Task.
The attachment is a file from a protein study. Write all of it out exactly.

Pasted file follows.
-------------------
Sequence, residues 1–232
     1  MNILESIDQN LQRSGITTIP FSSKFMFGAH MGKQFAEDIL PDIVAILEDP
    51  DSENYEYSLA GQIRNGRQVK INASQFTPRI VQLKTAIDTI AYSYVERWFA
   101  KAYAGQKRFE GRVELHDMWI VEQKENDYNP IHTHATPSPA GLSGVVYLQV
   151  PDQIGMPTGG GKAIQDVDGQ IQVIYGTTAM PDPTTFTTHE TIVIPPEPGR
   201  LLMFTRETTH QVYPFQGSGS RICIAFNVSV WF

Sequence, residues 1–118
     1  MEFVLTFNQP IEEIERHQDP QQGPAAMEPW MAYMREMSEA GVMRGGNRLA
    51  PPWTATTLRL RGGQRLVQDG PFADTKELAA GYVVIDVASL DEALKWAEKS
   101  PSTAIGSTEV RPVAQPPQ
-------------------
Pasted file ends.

Sequence, residues 1–232
     1  MNILESIDQN LQRSGITTIP FSSKFMFGAH MGKQFAEDIL PDIVAILEDP
    51  DSENYEYSLA GQIRNGRQVK INASQFTPRI VQLKTAIDTI AYSYVERWFA
   101  KAYAGQKRFE GRVELHDMWI VEQKENDYNP IHTHATPSPA GLSGVVYLQV
   151  PDQIGMPTGG GKAIQDVDGQ IQVIYGTTAM PDPTTFTTHE TIVIPPEPGR
   201  LLMFTRETTH QVYPFQGSGS RICIAFNVSV WF

Sequence, residues 1–118
     1  MEFVLTFNQP IEEIERHQDP QQGPAAMEPW MAYMREMSEA GVMRGGNRLA
    51  PPWTATTLRL RGGQRLVQDG PFADTKELAA GYVVIDVASL DEALKWAEKS
   101  PSTAIGSTEV RPVAQPPQ